As you progress through a long career associated with superyachts, there are risks that stand the test of time and measure. None more so than the ultimate risk of entering an enclosed space – a highly hazardous activity which, unless it is taken seriously and using well assessed measures, can result in multiple fatalities.
Sadly, the constant drip of fatal accident reports is testament to this. But for you as yacht crew, entering such spaces is at times a necessary evil for the safety of the ship and the effectiveness of the yacht’s operation.
When it comes to safety and specifically the identification of risk, especially risk that just won’t go away, it’s easy to divide the yachting industry from the commercial shipping industry. But risk stalks every seafarer. The oxygen in the chain locker of a superyacht could be much lower than the oxygen in a tanker’s space. The chances of fatality are equal when entering the fresh water tank of a superyacht than that of a massive cruise ship.
In fact, one might say that tanks, especially on smaller vessels such as yachts, carry a higher risk of atmospheric danger due to the more ‘confined’ size (less air in there in the first place).
Risk knows no boundaries when it comes to private vs commercial.
In the bad old days: My first experience
I first stepped aboard a ship as cadet in November 1985. The 300-metre (984-foot) container vessel ‘Benavon’ was my induction into the industry. With no ISM code in those days, procedures were contained in basic ‘fleet regulations’, which were largely driven by the experience of the officers involved with the operation. The lack of ISM code meant these fleet regulations were taken very much as guidance and very little compliance was enforced.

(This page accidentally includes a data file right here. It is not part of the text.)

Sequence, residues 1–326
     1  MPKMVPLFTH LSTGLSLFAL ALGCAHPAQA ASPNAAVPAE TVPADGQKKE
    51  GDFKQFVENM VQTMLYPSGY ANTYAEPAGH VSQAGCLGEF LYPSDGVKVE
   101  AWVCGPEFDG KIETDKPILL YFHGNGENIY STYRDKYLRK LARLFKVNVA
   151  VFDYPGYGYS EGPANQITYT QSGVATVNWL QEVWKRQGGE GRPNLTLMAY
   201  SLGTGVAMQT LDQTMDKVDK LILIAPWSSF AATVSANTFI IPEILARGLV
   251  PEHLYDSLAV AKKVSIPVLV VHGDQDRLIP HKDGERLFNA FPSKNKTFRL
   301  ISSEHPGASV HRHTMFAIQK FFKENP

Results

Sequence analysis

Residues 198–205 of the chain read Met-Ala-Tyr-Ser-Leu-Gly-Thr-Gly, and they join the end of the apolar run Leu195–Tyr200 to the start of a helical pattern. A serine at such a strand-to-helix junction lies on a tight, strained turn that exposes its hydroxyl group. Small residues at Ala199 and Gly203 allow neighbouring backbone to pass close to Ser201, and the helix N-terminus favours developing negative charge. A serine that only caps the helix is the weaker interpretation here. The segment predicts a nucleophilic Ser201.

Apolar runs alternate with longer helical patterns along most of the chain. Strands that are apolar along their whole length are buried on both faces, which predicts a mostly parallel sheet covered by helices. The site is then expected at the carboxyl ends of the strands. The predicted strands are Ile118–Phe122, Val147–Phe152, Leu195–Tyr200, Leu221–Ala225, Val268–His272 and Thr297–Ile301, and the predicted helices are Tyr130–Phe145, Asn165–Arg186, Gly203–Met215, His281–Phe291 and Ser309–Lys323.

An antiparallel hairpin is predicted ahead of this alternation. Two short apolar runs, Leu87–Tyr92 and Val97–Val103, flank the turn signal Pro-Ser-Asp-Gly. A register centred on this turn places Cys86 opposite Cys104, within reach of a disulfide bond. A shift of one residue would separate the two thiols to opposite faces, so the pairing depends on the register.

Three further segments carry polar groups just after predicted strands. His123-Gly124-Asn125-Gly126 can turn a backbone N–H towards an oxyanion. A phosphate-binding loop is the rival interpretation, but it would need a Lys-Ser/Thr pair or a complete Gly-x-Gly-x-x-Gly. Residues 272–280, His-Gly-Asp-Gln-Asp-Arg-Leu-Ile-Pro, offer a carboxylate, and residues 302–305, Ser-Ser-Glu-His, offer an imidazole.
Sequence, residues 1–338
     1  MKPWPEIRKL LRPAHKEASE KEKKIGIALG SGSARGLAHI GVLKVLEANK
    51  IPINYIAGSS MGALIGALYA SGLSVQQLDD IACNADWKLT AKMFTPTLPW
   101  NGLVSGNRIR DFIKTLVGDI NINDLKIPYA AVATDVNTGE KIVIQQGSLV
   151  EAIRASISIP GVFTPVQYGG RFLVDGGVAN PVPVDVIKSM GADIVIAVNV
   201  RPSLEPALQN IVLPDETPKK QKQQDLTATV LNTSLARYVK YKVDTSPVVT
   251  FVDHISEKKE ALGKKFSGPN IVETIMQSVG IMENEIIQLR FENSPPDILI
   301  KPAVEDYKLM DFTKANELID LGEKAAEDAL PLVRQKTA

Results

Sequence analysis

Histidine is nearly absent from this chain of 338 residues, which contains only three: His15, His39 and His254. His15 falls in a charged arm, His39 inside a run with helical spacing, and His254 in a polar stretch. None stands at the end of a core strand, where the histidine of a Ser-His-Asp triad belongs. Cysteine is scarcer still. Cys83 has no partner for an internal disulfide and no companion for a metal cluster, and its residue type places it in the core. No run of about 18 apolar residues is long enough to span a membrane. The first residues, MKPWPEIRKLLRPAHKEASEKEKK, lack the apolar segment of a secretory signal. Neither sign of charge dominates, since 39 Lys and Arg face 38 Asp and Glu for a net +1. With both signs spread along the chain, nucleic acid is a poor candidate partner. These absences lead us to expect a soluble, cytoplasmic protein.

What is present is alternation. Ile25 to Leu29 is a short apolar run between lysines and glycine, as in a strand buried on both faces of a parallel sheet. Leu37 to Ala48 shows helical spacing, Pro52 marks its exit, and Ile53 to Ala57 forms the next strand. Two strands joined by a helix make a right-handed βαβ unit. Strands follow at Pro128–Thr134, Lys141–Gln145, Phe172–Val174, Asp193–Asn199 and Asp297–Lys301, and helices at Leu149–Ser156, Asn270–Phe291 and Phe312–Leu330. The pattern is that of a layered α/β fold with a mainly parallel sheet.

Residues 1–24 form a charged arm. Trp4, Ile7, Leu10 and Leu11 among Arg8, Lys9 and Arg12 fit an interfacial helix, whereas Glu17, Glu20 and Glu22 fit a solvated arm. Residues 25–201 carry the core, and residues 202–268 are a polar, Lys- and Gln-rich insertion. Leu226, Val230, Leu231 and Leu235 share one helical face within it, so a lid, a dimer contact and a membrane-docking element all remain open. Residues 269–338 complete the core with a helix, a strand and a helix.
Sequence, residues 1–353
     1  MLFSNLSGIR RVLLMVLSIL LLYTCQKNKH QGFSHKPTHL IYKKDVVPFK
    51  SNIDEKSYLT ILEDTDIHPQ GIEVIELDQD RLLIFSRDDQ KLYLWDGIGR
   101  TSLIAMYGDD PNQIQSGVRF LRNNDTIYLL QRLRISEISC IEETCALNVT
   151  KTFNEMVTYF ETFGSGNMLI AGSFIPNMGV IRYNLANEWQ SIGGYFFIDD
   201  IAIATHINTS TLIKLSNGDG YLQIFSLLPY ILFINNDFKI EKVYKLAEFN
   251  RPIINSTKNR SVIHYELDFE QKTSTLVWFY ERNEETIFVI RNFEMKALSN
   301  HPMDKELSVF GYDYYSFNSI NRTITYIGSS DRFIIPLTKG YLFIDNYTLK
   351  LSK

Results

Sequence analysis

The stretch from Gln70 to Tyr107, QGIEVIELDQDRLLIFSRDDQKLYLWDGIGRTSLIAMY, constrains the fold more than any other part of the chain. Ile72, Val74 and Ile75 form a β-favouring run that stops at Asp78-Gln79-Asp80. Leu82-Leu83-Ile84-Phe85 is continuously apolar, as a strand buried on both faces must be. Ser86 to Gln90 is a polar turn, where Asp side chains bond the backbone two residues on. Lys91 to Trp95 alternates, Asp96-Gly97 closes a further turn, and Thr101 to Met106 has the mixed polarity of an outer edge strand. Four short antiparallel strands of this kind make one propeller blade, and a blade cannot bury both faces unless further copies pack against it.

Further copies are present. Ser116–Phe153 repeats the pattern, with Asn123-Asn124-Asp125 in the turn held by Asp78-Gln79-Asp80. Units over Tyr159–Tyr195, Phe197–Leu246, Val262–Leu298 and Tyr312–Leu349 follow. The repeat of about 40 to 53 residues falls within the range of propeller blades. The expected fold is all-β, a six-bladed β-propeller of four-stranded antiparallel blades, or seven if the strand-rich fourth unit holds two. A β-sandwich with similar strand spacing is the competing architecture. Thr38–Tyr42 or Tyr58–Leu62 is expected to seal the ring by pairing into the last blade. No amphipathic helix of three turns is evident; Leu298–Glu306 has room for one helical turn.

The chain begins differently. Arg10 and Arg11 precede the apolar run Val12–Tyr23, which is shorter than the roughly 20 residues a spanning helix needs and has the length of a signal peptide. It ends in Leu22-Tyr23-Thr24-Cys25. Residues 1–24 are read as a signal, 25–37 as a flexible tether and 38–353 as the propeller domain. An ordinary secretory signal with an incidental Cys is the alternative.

The 1974 Health and Safety at Work act prompted the MCA (formerly the Marine Safety Branch of the Department of Transport) to publish the Code of Safe Working Practices (COSWP), which formed the basis of later fleet regulations. In those heady days senior officers would ‘instruct’ you how to stay safe, only pointing you towards COSWP when you asked a tricky question.
I first entered an enclosed space on my second ship – a rather aged 80,000t bulk carrier in 1986. Wearing a basic oxygen analyser alarm, we entered a wing tank that was damaged by a rather severe grounding in the river Orinoco (South America). I remember the alarm on my meter going off and as I looked down it read 17%. The chief officer, with no such alarm set of his own, instructed me to leave the space. He remained in there for some time emerging breathless, announcing he had accomplished the task of assessing the damage! Although I can vaguely remember ventilating the space, I have no recollection of the chief officer testing the atmosphere that day.
So where are we now?
So here we are, some 36 years down the line and we are still seeing new legislation with regards to entering an enclosed space. Recent re-writes of the COSWP and subsequent amendments have created stringent requirements on both testing of the atmosphere and the resultant required readings, having identified those spaces considered to be either enclosed or dangerous. As I always say, every enclosed space is a dangerous space, but not every dangerous space is enclosed. These spaces should be identified within an effective SMS, but if not then you must take time to create a list of such spaces on your yacht.
On top of existing COSWP advice and the general duties of an employer, the new 2022 enclosed space entry regulations make some very important statements and straighten out some unnecessarily misconstrued requirements: